(2) But a thing is called sin because it excludes the good of reason, which is what ebriety does in the highest degree. But the evil is greater in what is contrary to reason than in what temporarily takes away its use. For the use of reason which inebriation takes away may be either good or bad; but the good of virtues which is taken away by what is contrary to reason is always good.

Does intoxication excuse from sin?

Distinguish once more between the resulting evil and the preceding act. So far as the resulting defect which hinders the use of reason is concerned, ebriety excuses from sin, because through ignorance it causes the involuntary.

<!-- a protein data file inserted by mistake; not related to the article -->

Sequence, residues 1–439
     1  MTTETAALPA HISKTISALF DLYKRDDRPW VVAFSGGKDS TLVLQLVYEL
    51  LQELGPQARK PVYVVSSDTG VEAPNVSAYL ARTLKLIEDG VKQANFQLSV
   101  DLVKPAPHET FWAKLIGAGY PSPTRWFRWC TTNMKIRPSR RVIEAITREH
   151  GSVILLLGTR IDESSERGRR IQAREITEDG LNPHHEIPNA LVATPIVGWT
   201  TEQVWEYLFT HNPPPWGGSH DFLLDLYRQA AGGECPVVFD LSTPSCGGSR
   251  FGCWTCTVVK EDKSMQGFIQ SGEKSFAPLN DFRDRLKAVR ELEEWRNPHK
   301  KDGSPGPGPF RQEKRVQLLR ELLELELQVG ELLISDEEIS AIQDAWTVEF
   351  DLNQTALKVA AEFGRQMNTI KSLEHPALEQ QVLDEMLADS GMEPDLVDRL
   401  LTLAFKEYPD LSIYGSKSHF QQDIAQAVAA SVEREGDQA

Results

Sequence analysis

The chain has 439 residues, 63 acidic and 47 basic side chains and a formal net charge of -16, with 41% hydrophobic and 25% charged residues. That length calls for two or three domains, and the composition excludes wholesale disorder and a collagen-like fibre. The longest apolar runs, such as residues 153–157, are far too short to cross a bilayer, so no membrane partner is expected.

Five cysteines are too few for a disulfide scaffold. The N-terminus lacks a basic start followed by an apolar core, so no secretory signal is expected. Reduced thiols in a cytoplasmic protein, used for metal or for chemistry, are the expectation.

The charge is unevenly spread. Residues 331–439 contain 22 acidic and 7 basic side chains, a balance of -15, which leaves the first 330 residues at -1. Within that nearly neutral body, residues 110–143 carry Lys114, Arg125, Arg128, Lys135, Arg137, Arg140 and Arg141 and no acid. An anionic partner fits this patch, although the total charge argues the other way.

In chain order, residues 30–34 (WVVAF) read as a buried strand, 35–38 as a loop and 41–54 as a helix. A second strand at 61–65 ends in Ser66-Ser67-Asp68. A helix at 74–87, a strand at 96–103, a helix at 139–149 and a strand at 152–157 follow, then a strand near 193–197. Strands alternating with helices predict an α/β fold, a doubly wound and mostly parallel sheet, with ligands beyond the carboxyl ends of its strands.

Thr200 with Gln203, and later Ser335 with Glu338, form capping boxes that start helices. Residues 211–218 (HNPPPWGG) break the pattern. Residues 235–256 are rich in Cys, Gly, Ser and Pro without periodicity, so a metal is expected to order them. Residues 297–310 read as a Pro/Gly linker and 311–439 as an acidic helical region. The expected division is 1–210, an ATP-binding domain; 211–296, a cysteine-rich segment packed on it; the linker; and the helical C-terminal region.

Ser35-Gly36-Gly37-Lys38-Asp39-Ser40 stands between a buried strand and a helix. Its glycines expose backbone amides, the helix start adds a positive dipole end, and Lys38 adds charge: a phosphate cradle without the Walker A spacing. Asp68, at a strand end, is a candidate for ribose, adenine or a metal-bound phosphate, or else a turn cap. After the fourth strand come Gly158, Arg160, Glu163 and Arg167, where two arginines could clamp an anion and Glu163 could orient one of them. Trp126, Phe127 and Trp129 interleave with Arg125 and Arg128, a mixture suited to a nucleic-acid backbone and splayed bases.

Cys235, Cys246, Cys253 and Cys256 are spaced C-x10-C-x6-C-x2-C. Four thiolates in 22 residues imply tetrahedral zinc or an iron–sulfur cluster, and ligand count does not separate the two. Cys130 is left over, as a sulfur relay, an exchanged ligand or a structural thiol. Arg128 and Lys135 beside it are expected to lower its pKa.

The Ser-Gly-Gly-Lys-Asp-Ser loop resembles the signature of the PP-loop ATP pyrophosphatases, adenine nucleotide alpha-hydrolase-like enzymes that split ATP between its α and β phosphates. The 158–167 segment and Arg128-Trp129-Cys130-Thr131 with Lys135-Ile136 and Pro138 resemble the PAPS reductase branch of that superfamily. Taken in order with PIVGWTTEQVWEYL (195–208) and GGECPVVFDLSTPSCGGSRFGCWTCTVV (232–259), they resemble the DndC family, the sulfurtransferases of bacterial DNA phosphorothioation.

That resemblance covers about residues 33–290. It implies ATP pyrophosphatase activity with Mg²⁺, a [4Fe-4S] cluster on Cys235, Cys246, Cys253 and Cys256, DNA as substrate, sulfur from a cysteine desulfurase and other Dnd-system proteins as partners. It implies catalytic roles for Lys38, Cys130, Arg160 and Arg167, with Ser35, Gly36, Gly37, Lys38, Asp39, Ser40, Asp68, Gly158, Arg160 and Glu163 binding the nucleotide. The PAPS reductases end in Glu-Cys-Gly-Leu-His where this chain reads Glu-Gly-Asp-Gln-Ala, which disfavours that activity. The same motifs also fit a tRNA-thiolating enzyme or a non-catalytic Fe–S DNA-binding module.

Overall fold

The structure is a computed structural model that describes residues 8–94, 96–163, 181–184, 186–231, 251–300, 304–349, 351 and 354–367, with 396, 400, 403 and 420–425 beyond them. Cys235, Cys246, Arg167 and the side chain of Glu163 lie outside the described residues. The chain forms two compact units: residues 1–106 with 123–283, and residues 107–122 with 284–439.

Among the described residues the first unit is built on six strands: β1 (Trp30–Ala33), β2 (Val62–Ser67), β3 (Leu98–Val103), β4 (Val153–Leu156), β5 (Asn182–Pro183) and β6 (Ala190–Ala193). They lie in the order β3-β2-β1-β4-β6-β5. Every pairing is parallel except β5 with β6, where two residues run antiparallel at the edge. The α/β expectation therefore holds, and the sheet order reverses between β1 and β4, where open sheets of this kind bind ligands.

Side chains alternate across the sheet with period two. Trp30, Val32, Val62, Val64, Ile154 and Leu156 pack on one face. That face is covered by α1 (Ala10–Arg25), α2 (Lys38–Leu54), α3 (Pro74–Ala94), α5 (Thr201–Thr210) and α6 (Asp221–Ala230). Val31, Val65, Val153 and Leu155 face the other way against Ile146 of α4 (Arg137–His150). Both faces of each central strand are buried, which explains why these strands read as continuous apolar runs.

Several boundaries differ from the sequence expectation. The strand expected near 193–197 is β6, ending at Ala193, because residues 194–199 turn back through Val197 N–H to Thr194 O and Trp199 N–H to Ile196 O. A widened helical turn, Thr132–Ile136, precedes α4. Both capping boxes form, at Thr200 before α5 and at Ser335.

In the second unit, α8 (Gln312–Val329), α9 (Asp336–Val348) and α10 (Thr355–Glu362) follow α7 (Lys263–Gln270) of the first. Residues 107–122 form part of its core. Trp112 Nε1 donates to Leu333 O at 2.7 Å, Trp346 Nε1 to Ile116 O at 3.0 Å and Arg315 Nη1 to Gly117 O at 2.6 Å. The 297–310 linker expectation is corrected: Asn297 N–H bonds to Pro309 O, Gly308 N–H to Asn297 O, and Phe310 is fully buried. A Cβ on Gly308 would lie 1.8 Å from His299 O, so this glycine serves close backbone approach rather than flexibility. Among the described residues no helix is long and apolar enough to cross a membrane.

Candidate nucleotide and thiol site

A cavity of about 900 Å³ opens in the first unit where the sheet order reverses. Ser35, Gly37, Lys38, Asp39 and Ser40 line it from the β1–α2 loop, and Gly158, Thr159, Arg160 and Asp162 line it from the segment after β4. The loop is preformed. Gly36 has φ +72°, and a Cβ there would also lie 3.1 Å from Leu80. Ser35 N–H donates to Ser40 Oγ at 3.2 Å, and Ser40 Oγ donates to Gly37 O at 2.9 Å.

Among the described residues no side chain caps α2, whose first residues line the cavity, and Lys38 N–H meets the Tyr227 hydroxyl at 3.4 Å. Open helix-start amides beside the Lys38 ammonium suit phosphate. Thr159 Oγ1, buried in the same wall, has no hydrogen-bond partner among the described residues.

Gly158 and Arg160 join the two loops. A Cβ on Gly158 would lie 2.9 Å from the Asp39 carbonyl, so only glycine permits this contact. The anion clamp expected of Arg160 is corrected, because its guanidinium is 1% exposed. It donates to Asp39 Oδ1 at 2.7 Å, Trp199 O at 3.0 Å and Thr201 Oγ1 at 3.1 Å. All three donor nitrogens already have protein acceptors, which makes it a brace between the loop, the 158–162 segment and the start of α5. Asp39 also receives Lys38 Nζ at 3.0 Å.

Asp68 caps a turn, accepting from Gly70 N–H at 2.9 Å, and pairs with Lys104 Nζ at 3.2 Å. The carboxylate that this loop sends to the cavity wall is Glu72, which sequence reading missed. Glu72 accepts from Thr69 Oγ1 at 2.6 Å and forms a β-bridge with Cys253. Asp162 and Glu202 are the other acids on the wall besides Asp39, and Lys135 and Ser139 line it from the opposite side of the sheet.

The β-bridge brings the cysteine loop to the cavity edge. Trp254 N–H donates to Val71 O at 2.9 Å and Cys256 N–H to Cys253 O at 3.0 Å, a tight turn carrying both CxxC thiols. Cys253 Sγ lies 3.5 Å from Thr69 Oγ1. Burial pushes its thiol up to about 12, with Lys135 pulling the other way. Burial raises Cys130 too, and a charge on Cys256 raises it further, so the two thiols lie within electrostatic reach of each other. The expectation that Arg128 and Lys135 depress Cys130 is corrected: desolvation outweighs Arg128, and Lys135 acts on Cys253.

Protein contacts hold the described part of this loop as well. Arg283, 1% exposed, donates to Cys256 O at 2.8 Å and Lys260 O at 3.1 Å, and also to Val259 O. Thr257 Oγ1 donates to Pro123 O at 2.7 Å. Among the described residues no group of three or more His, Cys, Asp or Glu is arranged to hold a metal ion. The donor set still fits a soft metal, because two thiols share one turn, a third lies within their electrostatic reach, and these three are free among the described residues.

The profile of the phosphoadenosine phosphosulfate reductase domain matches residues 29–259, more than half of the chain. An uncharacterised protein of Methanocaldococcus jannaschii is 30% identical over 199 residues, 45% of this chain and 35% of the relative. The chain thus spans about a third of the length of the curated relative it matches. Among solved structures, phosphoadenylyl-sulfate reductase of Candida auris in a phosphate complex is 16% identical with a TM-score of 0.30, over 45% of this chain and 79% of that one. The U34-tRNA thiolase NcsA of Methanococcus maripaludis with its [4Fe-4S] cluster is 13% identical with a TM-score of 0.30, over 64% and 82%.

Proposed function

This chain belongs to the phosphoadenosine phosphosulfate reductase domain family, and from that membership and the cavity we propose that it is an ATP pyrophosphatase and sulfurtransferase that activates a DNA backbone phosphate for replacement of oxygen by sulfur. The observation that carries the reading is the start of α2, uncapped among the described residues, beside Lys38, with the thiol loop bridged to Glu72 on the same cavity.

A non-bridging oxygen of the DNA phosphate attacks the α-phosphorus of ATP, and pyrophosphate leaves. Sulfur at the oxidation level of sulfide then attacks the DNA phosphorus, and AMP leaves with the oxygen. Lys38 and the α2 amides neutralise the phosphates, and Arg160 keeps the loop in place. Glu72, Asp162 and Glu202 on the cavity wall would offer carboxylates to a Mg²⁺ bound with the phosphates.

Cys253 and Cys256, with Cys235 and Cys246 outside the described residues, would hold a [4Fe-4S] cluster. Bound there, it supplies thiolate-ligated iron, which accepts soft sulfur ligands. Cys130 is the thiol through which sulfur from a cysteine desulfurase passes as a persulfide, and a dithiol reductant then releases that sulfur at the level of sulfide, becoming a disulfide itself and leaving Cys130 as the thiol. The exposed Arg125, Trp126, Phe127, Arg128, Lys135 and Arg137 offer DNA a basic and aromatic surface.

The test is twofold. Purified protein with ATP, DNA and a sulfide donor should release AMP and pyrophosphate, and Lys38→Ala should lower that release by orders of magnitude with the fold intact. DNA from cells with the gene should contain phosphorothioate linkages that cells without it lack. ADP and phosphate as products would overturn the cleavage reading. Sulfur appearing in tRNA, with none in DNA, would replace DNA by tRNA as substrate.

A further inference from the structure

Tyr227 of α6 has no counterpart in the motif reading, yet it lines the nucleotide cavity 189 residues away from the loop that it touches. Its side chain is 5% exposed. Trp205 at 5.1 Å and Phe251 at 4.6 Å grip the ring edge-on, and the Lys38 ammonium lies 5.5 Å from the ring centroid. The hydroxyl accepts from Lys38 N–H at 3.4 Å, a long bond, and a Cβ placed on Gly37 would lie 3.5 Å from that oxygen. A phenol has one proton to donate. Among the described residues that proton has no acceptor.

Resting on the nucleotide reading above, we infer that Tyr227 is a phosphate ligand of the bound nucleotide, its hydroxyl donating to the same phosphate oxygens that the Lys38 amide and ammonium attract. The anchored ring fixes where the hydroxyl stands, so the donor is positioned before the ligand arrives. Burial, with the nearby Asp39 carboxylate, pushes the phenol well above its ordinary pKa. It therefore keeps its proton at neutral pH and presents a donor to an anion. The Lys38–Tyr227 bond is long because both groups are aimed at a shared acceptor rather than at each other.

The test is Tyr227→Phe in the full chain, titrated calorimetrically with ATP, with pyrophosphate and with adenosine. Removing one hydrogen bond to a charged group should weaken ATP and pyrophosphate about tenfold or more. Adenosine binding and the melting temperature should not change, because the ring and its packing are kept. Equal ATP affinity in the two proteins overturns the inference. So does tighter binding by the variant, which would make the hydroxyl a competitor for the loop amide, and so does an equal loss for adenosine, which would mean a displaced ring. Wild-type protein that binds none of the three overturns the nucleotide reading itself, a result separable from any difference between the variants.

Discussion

And, again, we must make a distinction as regards the preceding act. For if the inebriation followed from it without sin (say, altogether inadvertently, involuntarily, as may have been the case with Lot), then the resulting sin is entirely exculpated.

But if the preceding act (the taking intoxicating drink) was culpable, then the resulting sin is not wholly excusable, because it is rendered voluntary by the preceding voluntary act, and inasmuch as the sin is the consequence of heing engaged in an illicit act.

But the resulting sin is diminished in guilt, as the voluntary is diminished.

(1) But the inebriate may be twice punished; i.e., heavily punished once for the crime of drunkenness, and again for the injury done when he is drunk. And the public utility which requires the repression of injuries may justly be very strict in this matter.